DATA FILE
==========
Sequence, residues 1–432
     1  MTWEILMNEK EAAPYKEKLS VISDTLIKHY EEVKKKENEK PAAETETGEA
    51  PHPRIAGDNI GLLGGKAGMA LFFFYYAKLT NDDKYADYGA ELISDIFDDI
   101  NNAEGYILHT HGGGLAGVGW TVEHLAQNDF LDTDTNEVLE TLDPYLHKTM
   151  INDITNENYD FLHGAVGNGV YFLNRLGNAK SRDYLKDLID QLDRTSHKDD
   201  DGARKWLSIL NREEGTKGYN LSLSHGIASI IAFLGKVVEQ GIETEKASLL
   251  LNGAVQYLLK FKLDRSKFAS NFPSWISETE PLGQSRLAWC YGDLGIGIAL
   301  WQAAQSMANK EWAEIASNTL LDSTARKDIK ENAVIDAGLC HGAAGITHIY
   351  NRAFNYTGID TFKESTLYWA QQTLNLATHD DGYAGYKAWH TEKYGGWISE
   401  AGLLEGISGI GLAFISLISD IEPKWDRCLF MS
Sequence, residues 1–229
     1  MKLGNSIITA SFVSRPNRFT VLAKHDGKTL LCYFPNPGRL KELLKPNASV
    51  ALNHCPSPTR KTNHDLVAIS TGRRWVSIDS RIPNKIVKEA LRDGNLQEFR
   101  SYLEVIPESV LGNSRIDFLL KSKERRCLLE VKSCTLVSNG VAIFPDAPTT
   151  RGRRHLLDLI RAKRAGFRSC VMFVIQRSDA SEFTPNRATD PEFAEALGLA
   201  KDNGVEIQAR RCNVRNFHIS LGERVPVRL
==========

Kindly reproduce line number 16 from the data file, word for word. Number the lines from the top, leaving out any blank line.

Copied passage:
   201  KDNGVEIQAR RCNVRNFHIS LGERVPVRL